Medicaid Explained

If you have a family member with special needs, you know how necessary it is to have health insurance to pay for medical care. Yet when the responsibility of caring for someone with a disability prevents you from working full time, you may be ineligible for health insurance through your job.

Enter Medicaid, a program that provides health coverage and health services to nearly 60 million low-income Americans. Created by Congress in 1965 under Title XIX of the Social Security Act, it is jointly funded by the federal government and state governments. While the federal government provides general guidelines for Medicaid, it’s up to each state to administer its own program. This means that each state decides who is eligible, what type of services will be provided and how much will be paid to providers for the services.

“If you’ve seen one state’s program, you’ve seen one state’s program,” says Grace-Marie Turner, a member of the Federal Medicaid Commission, a group of 15 people appointed by Secretary of the Department of Health and Human Services Mike Leavitt, to make recommendations for Medicaid reform. “Every state has different rules.”

Determining Eligibility

One thing that is true for all states is that Medicaid is a health care financing program only for the most needy people. This means that those receiving services must not only have low income but limited resources. “The income and asset guidelines for Medicaid vary from state to state but are generally similar to those for Supplemental Security Income (SSI),” says Tracy Miller, special needs coordinator for Protected Tomorrows, Inc.

In other words, certain income criteria must be met, and assets must be less than $2,000. This includes money in checking, savings and retirement accounts, stocks, bonds, mutual funds and other investments including real estate (other than the home in which the qualifying person is living).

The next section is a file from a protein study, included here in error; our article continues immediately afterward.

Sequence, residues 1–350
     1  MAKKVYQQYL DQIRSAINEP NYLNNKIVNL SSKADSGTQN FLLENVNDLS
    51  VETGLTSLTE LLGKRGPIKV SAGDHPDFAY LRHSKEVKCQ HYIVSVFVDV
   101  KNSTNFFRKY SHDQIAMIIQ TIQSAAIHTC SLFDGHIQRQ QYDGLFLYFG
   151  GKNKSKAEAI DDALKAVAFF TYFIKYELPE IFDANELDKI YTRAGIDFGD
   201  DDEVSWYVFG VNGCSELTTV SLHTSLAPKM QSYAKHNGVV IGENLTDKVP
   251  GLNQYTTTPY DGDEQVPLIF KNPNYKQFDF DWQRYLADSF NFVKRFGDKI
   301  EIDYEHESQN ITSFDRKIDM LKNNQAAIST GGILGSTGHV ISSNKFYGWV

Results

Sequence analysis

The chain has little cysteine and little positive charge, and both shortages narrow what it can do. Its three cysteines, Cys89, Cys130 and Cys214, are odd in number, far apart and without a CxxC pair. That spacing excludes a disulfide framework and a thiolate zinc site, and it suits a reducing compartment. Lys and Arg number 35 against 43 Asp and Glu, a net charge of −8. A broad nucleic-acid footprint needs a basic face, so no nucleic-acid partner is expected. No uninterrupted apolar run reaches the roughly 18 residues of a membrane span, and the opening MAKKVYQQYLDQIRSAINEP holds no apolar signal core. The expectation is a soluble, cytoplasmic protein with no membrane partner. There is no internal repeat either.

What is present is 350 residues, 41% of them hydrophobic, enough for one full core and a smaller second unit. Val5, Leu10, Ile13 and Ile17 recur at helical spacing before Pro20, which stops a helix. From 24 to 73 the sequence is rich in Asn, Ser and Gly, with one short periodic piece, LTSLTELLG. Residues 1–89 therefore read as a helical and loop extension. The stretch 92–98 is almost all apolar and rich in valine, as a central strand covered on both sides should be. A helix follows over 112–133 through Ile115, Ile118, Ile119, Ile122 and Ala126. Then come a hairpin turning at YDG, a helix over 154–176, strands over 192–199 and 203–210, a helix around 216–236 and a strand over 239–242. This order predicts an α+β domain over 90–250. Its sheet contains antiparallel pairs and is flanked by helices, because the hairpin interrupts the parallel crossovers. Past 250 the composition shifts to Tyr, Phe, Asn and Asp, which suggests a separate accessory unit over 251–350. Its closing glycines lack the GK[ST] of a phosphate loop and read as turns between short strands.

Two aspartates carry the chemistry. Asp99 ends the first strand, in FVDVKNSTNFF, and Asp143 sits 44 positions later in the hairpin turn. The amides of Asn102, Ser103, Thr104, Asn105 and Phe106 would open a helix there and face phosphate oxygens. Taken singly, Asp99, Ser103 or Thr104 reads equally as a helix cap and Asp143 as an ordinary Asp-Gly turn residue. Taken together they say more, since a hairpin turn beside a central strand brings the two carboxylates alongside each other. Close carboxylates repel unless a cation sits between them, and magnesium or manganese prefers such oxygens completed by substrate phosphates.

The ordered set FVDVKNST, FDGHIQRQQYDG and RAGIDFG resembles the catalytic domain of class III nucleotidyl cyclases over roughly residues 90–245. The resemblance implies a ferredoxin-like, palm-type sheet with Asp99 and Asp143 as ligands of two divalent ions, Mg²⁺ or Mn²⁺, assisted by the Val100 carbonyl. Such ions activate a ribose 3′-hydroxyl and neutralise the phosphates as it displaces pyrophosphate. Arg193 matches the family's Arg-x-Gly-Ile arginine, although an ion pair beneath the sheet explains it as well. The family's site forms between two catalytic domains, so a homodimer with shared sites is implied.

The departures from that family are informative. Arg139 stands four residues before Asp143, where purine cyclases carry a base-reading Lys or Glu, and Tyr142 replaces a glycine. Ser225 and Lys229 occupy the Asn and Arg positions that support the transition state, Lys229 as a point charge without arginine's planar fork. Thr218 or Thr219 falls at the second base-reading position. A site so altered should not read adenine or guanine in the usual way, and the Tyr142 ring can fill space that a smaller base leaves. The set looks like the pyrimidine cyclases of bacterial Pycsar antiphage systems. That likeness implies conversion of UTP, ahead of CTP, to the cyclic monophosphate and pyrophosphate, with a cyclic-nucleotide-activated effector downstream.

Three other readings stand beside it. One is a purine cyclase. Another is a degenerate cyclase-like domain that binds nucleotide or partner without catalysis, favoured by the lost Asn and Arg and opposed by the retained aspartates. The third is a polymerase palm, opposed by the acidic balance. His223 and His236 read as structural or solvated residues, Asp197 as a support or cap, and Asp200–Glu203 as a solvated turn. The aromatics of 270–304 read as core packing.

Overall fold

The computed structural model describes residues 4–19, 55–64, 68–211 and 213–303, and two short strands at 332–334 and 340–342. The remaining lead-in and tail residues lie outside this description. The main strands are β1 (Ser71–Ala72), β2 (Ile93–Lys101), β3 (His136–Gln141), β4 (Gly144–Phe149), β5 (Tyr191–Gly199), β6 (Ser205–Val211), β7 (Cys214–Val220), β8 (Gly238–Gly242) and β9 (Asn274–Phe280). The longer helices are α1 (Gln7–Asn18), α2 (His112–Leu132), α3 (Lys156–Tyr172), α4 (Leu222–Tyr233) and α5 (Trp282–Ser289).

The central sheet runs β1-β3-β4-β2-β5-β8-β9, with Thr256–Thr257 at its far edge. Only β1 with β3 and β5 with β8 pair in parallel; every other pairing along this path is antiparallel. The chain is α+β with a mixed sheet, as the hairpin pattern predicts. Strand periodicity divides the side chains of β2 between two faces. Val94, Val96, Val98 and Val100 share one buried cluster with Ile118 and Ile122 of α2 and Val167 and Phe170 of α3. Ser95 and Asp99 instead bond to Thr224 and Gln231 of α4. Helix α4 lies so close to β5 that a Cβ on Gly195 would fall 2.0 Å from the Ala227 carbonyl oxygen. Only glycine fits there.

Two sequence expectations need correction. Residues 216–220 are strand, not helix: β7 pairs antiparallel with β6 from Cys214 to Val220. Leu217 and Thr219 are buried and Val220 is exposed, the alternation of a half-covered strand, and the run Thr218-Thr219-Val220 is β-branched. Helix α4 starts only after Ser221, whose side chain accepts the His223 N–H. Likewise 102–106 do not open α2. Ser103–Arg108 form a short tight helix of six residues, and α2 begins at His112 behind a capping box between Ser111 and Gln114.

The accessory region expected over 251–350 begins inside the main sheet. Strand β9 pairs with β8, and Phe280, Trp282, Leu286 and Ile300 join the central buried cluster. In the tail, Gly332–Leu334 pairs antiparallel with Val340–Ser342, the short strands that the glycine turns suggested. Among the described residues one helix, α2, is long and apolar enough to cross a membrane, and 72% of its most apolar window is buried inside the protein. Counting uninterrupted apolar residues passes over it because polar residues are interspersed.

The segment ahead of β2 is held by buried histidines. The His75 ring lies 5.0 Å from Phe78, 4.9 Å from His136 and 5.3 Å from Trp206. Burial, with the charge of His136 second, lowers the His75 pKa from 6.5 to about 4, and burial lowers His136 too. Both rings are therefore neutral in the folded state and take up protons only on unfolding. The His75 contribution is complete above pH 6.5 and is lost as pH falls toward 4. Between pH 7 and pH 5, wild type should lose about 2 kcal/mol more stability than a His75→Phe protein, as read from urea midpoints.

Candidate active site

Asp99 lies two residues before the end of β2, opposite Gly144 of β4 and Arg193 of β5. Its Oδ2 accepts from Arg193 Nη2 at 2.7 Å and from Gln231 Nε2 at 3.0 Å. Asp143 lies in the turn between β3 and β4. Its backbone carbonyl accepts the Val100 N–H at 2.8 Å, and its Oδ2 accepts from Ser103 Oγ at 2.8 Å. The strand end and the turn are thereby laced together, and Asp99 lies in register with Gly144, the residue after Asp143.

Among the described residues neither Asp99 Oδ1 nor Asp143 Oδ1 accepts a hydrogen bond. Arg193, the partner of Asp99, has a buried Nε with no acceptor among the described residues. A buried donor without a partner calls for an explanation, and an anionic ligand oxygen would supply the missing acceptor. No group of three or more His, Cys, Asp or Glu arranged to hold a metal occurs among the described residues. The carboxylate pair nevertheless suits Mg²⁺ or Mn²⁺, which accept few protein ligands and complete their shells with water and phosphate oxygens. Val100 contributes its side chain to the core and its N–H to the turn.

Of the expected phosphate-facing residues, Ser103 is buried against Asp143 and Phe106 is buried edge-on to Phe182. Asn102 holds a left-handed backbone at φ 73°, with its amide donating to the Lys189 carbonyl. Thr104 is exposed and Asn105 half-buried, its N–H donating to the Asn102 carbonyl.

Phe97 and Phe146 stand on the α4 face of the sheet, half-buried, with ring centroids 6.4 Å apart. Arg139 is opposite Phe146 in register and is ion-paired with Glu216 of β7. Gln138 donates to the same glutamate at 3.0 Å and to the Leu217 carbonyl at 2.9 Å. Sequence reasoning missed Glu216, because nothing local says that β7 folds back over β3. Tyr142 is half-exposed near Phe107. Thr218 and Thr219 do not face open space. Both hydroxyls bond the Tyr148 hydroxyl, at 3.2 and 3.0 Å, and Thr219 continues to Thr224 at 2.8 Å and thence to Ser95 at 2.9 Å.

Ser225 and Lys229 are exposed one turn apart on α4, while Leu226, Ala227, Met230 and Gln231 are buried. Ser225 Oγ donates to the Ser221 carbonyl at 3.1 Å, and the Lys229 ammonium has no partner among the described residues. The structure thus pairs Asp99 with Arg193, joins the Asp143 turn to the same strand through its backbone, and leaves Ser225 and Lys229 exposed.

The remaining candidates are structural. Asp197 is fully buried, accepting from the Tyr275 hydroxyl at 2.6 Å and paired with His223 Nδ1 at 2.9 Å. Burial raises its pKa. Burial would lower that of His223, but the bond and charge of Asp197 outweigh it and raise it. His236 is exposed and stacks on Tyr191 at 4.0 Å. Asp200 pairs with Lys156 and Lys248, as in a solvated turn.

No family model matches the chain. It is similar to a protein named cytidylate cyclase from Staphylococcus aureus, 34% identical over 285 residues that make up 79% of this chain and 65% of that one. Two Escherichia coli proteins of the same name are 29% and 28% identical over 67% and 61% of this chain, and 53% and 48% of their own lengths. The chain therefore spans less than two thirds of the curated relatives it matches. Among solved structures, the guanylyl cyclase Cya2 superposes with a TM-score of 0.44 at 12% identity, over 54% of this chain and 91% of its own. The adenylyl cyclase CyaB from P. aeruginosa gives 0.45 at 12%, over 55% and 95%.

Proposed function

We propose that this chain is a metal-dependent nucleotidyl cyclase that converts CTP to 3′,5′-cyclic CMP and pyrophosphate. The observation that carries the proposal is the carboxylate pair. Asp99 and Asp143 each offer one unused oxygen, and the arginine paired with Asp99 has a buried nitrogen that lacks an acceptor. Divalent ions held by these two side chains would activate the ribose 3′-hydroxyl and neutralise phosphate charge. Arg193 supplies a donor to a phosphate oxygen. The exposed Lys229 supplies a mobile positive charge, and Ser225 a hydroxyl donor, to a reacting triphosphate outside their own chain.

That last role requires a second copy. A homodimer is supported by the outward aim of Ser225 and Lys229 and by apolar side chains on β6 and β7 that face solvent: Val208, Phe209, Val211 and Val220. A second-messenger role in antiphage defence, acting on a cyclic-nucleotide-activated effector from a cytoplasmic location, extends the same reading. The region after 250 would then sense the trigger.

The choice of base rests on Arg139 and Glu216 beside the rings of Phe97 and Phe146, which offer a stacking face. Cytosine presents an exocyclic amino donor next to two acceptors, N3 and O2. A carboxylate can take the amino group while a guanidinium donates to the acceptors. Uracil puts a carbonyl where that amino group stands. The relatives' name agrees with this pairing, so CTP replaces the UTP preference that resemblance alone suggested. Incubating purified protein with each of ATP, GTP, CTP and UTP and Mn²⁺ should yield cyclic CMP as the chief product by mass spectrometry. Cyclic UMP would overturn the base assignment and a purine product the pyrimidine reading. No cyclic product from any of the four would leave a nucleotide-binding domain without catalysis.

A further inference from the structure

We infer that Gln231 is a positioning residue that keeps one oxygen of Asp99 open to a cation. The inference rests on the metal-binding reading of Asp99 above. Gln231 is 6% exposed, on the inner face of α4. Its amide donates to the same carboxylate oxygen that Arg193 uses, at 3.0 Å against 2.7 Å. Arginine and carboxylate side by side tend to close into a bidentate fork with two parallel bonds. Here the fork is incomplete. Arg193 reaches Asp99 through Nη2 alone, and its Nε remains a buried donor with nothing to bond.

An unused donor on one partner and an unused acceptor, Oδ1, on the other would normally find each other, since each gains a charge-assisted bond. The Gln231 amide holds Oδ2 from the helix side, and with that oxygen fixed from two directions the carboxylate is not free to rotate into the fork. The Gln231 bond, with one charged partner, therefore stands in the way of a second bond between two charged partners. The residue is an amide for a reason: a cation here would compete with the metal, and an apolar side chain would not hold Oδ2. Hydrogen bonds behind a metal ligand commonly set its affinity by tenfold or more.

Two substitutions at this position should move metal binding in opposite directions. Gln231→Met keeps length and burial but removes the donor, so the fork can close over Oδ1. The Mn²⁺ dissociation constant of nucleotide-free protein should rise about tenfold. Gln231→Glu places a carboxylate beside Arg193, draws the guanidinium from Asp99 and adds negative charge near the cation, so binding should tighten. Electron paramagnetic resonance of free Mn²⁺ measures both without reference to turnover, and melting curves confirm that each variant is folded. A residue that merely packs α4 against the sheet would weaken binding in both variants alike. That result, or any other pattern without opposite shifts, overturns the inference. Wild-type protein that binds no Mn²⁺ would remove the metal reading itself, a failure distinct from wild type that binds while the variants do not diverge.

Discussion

Although individual states have discretion in deciding which groups are eligible for Medicaid services, in order to receive federal funds, they are required to provide Medicaid coverage for certain groups (called “categorically needy”). These include:

  • Families who meet eligibility requirements for their states’ Aid to Families with Dependent Children program
  • Pregnant women and children younger than age 6 with family income at or below 133 percent of the federal poverty level (FPL)
  • Children age 6 to 19 whose families have income up to 100 percent of the FPL
  • Caretakers of children younger than age 18 (or 19 if still in high school). Caretakers are defined as relatives or legal guardians who live with and take care of children
  • Recipients of SSI, although in certain states, the aged, blind and individuals with disabilities must meet more restrictive state requirements
  • Those who are living in medical institutions and have monthly income up to 300 percent of the SSI standard


In addition, states may offer medical coverage to the “medically needy,” those who have too much income and/or assets to qualify as categorically needy and special groups such as women with breast or cervical cancer or people with tuberculosis.

Services Provided by Medicaid

What services are covered under Medicaid? Again, there are variations between states, but those who are categorically needy are eligible for: